C.S. Forester, |
Mr. Midshipman Hornblower
(Michael Joseph, 1948; Back Bay, 1998)
Fate led me to begin the Hornblower series at the wrong place and time.
As I mentioned in my previous review of Hornblower & the Hotspur, I fell into this series because of my fondness for Patrick O'Brian's novels, a curiosity about the highly acclaimed series that preceded it by C.S. Forester and the timely arrival of Hotspur in my stack of books to review. Unfortunately, the book falls in the early midpoint of the 11-book series, and it was not a good place to pick up the saga without knowing more about the events that brought young Horatio to this point in his naval career.
Mr. Midshipman Hornblower begins at about the time Horatio takes his first step aboard the Justinian, his first naval posting. The young officer in training is awkward, unsteady and unsure of himself, and he doesn't make friends easily. But he is passingly brilliant when it comes to naval mathematics, and he is possessed of superior bravery and cunning that rise to the surface at opportune times. He is, on occasion, downright lucky. He is, at the same time, uncertain and burdened with an overblown sense of duty and guilt. Altogether, these qualities combine to Hornblower an auspicious start to his career.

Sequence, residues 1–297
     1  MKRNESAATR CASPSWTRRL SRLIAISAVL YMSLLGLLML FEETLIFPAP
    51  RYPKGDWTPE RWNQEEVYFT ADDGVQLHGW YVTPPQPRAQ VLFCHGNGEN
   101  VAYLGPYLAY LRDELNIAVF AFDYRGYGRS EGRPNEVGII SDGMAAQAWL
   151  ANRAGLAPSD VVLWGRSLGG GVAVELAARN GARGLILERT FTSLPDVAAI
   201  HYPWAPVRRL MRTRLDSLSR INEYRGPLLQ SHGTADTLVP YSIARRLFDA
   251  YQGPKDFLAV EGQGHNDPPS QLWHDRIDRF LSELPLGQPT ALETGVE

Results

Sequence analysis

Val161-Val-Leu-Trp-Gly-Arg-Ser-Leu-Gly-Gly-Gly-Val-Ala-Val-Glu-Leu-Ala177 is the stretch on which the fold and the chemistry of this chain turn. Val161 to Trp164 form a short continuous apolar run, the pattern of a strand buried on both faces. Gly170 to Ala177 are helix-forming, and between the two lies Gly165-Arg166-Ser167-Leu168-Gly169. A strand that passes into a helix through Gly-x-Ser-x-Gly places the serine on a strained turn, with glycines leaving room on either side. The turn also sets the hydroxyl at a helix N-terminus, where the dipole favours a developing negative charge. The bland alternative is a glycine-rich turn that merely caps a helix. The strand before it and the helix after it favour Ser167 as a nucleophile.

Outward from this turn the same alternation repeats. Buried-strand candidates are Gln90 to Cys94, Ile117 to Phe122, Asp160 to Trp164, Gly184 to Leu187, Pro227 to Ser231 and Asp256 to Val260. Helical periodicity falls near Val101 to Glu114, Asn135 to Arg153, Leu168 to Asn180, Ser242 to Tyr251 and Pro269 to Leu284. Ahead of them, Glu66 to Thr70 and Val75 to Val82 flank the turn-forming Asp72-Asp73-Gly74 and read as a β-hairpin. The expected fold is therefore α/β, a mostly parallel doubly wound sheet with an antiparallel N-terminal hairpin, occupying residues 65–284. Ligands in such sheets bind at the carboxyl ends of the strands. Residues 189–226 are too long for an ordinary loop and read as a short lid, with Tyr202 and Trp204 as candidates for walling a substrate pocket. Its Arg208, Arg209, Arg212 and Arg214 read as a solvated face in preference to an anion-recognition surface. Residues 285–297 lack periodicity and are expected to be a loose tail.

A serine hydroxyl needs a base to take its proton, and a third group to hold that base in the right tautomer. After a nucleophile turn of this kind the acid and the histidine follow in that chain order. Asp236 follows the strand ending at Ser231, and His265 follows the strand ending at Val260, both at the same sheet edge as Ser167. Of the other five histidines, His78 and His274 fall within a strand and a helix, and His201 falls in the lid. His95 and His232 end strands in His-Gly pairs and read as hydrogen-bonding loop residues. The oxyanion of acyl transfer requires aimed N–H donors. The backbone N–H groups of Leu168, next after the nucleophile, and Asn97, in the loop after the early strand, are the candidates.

Midshipman is told in a series of 10 episodes, each of which is unrelated and yet which flow in an even progression through Hornblower's midshipman years. There is plenty of action as he learns the ropes, ranging from a duel with a shipboard bully, an incursion onto French soil, a failed test, a cattle ship and a period of captivity in Spain.
And, all told, it is a thoroughly pleasurable read. Hornblower, far from a lofty hero, is someone readers can more easily identify with and enjoy. I look forward to accompanying him on the rest of his coming adventures.
8 August 2009
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